When I got to the first rest stop and checked my blood I was at 227. It wasn’t quite as normal as I would’ve liked, but I wasn’t low either so I was excited. I refilled my water bottles, put cytomax in one of them, ate a Gu and a peanut butter and jelly sammich. That put me at 55 carbs and I was comfortable with that. It was less carbs than I usually consume at a rest point. I didn’t bolus for them, I made sure I had plenty of water with the Gu, I took a few moments to relax because I had 15 miles to go before the next rest stop and there were plenty of hills to climb. While I was chillaxing and making sure I was ready, I met Barb and Monica. Both their sons have diabetes so they were out riding. When we went off we were keeping a pace of 17mph. I couldn’t hold it for long, not but maybe 4-5 miles. They did check to see if I was ok and I just told them I was slow and I fell back.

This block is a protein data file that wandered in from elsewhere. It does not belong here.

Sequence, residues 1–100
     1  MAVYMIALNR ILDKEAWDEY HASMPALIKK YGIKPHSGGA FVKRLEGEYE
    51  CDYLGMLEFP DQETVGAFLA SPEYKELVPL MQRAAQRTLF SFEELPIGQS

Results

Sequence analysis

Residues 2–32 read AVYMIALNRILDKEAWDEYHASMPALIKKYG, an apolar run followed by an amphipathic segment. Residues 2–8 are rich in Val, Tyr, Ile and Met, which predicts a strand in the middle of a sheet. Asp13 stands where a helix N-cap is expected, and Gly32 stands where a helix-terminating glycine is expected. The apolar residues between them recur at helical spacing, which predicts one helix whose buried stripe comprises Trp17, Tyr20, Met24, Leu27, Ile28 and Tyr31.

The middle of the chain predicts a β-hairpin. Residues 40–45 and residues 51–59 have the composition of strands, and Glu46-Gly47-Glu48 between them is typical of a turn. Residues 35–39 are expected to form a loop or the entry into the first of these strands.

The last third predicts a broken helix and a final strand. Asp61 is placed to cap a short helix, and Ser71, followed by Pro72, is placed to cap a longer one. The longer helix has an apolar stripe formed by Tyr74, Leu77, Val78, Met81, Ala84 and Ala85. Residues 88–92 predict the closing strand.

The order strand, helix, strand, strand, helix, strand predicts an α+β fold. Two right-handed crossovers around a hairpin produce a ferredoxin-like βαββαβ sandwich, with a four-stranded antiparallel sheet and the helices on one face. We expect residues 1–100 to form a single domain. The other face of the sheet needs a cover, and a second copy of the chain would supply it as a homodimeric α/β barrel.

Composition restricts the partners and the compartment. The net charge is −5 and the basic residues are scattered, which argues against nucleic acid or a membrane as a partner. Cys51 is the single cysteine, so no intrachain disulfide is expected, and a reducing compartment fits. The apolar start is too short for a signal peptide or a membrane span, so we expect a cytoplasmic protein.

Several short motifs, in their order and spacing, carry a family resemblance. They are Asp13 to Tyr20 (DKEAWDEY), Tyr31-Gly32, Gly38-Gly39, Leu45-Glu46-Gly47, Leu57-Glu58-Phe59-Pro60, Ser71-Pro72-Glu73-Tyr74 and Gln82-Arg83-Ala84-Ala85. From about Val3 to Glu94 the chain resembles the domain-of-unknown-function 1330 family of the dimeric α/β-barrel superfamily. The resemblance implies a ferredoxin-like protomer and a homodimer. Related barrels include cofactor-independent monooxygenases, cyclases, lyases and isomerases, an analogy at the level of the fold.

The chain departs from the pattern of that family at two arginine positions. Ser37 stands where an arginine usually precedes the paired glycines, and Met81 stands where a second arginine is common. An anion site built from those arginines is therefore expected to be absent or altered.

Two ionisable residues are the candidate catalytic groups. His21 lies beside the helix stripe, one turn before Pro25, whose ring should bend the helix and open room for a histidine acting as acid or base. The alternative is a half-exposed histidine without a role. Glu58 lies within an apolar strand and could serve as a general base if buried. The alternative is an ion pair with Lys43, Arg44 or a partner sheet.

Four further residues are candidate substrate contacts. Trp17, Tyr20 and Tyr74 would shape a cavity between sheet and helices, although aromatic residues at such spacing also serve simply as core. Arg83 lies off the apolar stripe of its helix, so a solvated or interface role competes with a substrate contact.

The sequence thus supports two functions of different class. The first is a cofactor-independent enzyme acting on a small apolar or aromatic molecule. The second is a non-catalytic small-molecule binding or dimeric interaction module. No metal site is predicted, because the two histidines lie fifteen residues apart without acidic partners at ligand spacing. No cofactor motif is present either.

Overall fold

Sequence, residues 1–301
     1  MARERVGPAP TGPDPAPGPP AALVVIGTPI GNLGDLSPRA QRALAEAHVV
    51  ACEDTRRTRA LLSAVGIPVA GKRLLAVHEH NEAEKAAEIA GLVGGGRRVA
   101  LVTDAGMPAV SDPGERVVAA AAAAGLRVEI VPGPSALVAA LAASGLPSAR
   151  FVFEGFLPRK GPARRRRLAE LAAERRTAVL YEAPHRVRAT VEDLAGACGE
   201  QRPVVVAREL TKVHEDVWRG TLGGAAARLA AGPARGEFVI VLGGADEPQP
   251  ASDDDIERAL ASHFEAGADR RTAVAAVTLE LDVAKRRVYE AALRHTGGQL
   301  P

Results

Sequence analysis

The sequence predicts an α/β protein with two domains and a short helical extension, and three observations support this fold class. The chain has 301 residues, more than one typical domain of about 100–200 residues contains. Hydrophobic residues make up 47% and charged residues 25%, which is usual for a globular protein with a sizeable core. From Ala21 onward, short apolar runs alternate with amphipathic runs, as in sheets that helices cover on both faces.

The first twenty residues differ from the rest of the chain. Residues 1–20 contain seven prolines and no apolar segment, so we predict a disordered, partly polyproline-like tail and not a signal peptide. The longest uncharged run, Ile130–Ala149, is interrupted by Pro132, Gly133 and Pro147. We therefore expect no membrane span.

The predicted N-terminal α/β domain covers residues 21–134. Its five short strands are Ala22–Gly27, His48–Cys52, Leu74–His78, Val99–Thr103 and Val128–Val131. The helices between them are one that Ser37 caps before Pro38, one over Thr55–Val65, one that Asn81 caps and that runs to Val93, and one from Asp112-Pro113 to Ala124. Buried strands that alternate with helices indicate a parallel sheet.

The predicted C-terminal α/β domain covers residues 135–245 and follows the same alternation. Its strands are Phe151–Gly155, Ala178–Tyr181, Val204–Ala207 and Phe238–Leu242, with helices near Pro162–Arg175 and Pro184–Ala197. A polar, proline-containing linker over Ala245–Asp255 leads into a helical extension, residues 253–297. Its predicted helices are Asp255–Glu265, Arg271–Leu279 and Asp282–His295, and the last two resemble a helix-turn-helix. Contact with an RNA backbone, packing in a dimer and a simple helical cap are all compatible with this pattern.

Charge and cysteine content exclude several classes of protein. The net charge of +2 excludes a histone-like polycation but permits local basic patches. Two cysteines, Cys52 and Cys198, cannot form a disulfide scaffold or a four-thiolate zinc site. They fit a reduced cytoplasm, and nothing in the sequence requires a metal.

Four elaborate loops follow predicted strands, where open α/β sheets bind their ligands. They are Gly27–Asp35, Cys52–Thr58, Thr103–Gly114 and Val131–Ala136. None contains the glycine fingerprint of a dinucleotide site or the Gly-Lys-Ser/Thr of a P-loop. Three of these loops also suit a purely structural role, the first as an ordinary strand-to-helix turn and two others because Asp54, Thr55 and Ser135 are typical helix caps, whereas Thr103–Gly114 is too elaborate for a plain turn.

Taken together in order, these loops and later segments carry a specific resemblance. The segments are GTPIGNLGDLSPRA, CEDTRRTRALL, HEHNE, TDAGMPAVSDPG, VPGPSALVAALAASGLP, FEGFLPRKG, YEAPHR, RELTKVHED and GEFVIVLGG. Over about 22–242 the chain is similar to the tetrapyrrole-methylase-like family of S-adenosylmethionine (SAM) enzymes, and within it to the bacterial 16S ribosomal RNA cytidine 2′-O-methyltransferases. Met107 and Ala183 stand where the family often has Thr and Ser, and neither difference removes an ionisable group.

At about 8 miles out, half way to the next rest stop I checked my blood while I was at the top of a hill (no better place to stop, because it was downhill in the next little leg until the next uphill) I was 176. I was happy with that number. I headed onto the next rest stop. There were 6 tough miles, all uphill, but I kept myself together and never fell to my usual attitude on the hills, I kept going. Slow and steady.
I liked the second half of the second leg because you could hear the running water. As I went up one hill you could hear the water falls, it was beautiful. I had to stop and take some pictures. I got all excited when I saw the tunnels. They were just cool looking.
When I got to the second rest stop, I relieved myself, checked my blood which came in at 160, ate a Gu and a peanut butter and jelly sammich, made sure I drank plenty of water, filled my bottles, mixed the cytomax. At this rest stop I met Tom, Eddie and Joy. I went off with the three of them and stuck with them through the end of the ride.
Before I got back on the main road out of the Jemez mountains I stopped and checked my blood. It was at 262. That was expected because I was only 6 miles from the last rest stop and it had all been downhill so I hadn’t done much work.